I did this for a video with a ton of A-list celebrities, and I can’t tell you how many had never seen it or commented on how much better the experience was than just talking directly into a lens.

Leff: How can companies get the most out of their investments in video when they’re taking a talking-head approach?

Laura Schram: By far the most expensive days are your production days, so you want to maximize those as much as possible. You’ve got the crew for anywhere between 8 to 10 hours, so you might as well make use of the time. I always tell clients to think about not only bringing in more subjects, but perhaps having your main interview subject speak to more subjects than just the one for this one particular video. There could be many uses for it down the line. We also always try to get some B-roll and extra shots.

When you really have to maximize that person’s time, you want to have the proper amount of crew. If you’ve got a CEO who only has 25 minutes, for example, you want to have enough crew to make set-up quicker and easier and create a more visually appealing end product.  If you have a little bit more time with your subject, you likely don’t need as many people on set to execute that interview.

Alia Samhat: Some of the best results come from scripting or pre-interviews with your subject. If you have an expert for only 20 minutes, make sure to have some concrete options for getting a hook that will serve as your opener.

Leff: What’s the maximum length that a talking-head video should be?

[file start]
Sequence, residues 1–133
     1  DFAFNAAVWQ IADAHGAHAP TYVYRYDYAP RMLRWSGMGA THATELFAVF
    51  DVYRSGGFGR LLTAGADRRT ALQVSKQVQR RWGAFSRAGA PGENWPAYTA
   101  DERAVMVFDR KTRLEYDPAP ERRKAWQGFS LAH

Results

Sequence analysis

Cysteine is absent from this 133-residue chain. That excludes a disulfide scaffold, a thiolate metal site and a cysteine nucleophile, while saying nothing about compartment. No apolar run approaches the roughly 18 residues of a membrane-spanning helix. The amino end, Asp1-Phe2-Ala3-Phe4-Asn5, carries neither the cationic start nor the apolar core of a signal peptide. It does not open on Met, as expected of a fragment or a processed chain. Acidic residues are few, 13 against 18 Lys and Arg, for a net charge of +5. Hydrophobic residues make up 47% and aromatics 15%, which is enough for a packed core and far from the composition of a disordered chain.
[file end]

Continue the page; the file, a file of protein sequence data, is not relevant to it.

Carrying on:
Mike Russell: I always say that a video is as long as it needs to be, though it also depends on the viewer and setting. And in the YouTube age, videos are obviously becoming much shorter, and attention spans are narrowing. If you’ve got just somebody talking on screen, it might only need to be seven seconds. The topic and objective also matter. Is it about a new software release? You may have more time to go into depth. Is the video showcasing findings from a six-month research effort? There I’d say two minutes tops, assuming the video’s objective is getting people to read the full research report.

Laura Schram: People have a hard time watching something that’s more than three minutes. A five-minute video doesn’t sound that long when you’re producing it, but that’s a really long time to hold a viewer’s attention.

Alia Samhat: We recently conducted a video content audit, so we saw the full range of quality. I watched a couple talking-head videos that stood out, and they were all 90 seconds or less. The best ones also had some upbeat music to create some energy and aural interest and some graphic element, too, to create some movement. Think too about how we’re used to watching videos—YouTube has ad overlays, sites have pre-roll ads, cable news has crawls and chyrons. If you just put someone in front of a wall and ask them to start talking, it’s going to be far less visually compelling than what people are used to.

Very few videos, especially talking head videos, should be stand-alone. They should be either an introduction to a longer-form piece—an article or a report—or part of a suite of content on a topic. You don’t need the video to do everything, but it needs to be super targeted in its focus.

Scott Leff

Scott is the founder of LEFF. He’s spent his career helping executives and subject matter experts tell their story in a compelling way. In the process, he’s had the opportunity to work with C-suite executives, politicians, academics, and Olympians, not to mention dozens of talented writers, editors, and designers in the business world. Scott developed the concept of “lean content creation” as a cost-effective way to support comprehensive, integrated communication strategies.